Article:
Author Archives: tedmanzer

About tedmanzer

I grew up in Old Town Maine and got a B.S. at the University of Maine in Plant Sciences/ minor in Botany. From there I moved to West Virginia and earned a M.S. in Agronomy at WVU. I also met my wife there. She grew up in rural WV as the daughter of tenant farmers who raised cattle and hogs. Their lifestyle at times was one of subsistence and I learned a lot from them. I've always been a foraging buff, but combining my formal botanical knowledge with their practical 'Foxfire-type' background opened up my eyes a little more. I now teach agriculture to high school students at Northeastern High School in Elizabeth City, NC. My wife teaches with me and we make a great team. I also write a weekly nature/foraging column for the local paper (dailyadvance.com) and frequently publish articles in several other newspapers in northeastern North Carolina. I also have written several Christian nature/adventure novels that I plan to publish eventually. One is a five book family saga I call the 'Forgotten Virtues' series. In the first book, Never Alone, a young boy comes of age after his father dies in a plane crash, and he has to make it alone. Never Alone is now available in paperback, Kindle and Nook. The second book, Strange Courage, takes Carl from his High School graduation to his recovery from a nasty divorce. The third book, Second Chances, takes Carl from his ex-wife's death and the custody of his son to his heroic death at age 59. The fourth book, Promises Kept, depicts how his grandchildren react and adjust to his death. In the final book, Grandfather's Way, his youngest and most timid granddaughter emerges from the shadow of her overachieving family and accomplishes more in four months than most do in a lifetime. I use many foraging references with a lot of the plants I profile in these articles in those books.

Wait a little longer before pruning most plants


We’ve had a few frosts in eastern North Carolina and fall is definitely here, but pruning some plants now could be harmful to them. We haven’t had a hard freeze yet and many plants could yet have a growth spurt. … Continue reading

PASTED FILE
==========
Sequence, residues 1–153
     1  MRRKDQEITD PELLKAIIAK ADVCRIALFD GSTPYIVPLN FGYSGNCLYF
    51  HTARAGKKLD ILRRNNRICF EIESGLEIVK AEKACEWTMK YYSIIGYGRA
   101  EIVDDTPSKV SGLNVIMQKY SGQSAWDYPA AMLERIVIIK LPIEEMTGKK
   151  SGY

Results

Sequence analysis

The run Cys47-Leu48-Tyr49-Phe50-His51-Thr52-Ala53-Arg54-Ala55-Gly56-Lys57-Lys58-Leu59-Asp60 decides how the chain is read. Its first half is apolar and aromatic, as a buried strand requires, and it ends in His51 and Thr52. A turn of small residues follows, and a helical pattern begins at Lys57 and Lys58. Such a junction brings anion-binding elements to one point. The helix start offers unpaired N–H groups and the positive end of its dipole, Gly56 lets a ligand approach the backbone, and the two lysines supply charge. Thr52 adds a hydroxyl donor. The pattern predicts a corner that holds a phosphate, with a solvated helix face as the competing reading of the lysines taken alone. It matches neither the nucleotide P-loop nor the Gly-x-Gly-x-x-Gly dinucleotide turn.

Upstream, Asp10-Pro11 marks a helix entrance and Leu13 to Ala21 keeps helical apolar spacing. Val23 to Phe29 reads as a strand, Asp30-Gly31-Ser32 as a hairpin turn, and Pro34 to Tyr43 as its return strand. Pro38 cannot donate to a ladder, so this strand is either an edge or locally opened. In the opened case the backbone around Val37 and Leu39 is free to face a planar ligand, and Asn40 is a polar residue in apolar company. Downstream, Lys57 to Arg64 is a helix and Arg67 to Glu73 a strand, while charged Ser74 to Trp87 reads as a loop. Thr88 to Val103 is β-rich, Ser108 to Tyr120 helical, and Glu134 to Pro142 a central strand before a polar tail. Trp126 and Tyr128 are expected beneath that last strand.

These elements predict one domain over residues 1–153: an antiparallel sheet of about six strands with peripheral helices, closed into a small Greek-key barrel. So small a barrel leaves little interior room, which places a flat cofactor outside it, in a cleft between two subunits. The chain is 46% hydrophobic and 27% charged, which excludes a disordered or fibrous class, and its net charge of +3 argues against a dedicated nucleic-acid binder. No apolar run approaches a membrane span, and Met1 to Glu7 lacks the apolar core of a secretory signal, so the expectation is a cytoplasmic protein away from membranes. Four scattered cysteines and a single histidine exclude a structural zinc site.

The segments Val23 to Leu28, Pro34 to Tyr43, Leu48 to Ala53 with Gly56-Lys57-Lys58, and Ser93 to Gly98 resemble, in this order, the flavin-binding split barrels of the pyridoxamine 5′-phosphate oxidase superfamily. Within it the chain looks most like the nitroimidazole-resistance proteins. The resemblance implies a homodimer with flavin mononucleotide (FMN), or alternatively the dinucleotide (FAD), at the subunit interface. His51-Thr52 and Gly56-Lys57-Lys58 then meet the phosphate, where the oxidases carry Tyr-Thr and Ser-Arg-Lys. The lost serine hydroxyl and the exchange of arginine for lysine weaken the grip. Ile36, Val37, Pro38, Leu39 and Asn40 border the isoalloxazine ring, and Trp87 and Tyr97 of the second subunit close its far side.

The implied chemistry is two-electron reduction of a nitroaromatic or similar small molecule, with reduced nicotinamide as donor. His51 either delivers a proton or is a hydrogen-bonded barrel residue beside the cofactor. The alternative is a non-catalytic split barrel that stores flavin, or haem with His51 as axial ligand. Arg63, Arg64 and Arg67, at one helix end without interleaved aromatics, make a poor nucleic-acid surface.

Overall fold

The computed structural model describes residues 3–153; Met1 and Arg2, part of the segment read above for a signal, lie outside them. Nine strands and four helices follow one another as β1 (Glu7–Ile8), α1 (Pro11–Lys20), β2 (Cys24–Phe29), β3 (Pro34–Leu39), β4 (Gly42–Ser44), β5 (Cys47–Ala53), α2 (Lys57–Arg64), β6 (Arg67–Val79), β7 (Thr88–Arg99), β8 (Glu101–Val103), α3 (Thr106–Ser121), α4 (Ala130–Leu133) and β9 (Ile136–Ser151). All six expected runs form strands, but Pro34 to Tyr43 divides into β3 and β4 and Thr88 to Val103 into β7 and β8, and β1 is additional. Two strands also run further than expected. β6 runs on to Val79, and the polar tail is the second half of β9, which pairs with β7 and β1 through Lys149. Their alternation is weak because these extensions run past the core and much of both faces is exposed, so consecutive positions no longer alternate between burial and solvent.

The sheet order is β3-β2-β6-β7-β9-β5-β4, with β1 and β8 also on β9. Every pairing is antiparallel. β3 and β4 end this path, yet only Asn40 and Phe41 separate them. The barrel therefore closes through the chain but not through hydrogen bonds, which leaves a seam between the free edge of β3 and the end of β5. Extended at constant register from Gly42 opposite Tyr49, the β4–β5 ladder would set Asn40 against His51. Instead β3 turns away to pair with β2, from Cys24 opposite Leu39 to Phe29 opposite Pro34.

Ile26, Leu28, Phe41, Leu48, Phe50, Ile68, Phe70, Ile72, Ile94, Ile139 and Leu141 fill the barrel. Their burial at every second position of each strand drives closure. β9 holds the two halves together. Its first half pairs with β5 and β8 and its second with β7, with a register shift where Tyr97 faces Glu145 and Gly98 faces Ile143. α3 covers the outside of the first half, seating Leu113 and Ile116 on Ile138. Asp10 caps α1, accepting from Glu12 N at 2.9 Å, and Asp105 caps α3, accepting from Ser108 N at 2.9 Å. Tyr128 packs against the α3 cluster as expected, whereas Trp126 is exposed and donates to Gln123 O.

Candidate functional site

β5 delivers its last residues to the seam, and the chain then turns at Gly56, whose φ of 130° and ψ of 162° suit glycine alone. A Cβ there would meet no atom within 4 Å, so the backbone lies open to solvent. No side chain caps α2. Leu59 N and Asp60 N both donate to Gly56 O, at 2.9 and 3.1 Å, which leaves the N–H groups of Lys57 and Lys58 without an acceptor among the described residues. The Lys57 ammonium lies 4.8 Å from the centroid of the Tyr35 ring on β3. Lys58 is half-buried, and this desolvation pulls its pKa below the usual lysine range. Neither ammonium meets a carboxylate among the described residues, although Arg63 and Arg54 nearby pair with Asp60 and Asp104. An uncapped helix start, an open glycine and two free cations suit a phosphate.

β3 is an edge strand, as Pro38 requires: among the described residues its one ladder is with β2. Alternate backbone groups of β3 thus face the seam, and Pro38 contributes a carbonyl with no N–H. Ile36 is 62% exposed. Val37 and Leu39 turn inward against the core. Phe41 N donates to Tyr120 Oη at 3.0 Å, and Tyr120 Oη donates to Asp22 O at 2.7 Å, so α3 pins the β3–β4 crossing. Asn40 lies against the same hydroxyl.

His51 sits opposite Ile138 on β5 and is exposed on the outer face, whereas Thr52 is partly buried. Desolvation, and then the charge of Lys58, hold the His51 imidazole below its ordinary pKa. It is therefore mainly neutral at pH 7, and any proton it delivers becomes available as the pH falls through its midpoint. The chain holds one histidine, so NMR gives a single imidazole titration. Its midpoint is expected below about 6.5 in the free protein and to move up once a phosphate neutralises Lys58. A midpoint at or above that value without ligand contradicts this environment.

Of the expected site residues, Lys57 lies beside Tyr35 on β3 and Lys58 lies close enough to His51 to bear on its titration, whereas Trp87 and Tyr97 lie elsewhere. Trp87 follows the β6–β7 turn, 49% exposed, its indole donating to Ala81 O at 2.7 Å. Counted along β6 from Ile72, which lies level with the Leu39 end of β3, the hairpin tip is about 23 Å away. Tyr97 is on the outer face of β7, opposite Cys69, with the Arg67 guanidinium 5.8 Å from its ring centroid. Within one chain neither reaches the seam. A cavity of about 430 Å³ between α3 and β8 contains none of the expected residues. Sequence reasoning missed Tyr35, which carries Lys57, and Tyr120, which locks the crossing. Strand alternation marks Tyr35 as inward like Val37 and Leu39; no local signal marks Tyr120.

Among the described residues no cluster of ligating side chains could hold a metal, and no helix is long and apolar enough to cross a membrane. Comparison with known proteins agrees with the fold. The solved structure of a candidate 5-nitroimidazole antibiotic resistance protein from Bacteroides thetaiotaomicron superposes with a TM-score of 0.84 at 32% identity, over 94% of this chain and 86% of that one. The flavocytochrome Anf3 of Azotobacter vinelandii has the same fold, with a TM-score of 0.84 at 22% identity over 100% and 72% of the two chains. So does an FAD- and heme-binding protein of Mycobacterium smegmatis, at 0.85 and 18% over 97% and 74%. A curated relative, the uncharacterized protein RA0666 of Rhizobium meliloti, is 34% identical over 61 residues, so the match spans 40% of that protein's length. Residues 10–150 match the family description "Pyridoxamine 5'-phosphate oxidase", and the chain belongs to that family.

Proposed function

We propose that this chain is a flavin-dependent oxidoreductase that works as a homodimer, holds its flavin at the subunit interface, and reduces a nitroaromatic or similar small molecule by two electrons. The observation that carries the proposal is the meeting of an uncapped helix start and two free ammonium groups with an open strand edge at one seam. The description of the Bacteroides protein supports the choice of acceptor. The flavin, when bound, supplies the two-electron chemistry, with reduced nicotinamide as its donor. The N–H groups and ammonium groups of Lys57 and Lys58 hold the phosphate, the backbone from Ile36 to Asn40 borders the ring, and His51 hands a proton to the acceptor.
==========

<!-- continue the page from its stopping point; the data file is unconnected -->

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Was it sweet potato or pumpkin pie for Thanksgiving?


People line up on both sides. In this locale more folks probably favor sweet potato over pumpkin, but you can’t go wrong with either. I laugh when I hear people argue over it. To be honest, if spiced the same … Continue reading

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Carob makes a great substitute for chocoholics


Nearly 40 years ago I began experimenting with carob. My reasoning wasn’t that it might be more nutritious. I didn’t even care that it contained no fat or caffeine. It was cheaper and I didn’t waste money. I’ve always liked … Continue reading

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Clear-cutting is an important strategy for forestry management


It seems most folks are put off by clearcutting. Their emotions tell them that what may look unsightly is also unhealthy. In some cases they might be right, but there are reasons some places are harvested that way. The species … Continue reading

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Ragweed can be more than a fall problem


A few days ago I overheard someone complaining about goldenrod causing her allergies. I wanted to say something but felt it was prudent to keep my mouth shut. Uninvited conversations seldom end well. The truth is that goldenrod has very … Continue reading

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Field bindweed and morning glory are pretty weeds that destroy ecosystems


Both have beautiful petunia-like flowers. Both are aggressive vines. Both are in the sweet potato family. Both are a menace in crop fields, and both invade non-crop areas. Field bindweed (Convolvulus arvensis) is perennial and morning glory (Ipomoea purpurea and … Continue reading

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Hop Hornbeam is a curious native tree with hard wood


Nearly everyone wants to know about native trees. Hop hornbeam (Ostrya virginiana) is a member of the birch family and is quite adaptable around here. It gets its name because its clusters of seeds look like the hops used to … Continue reading

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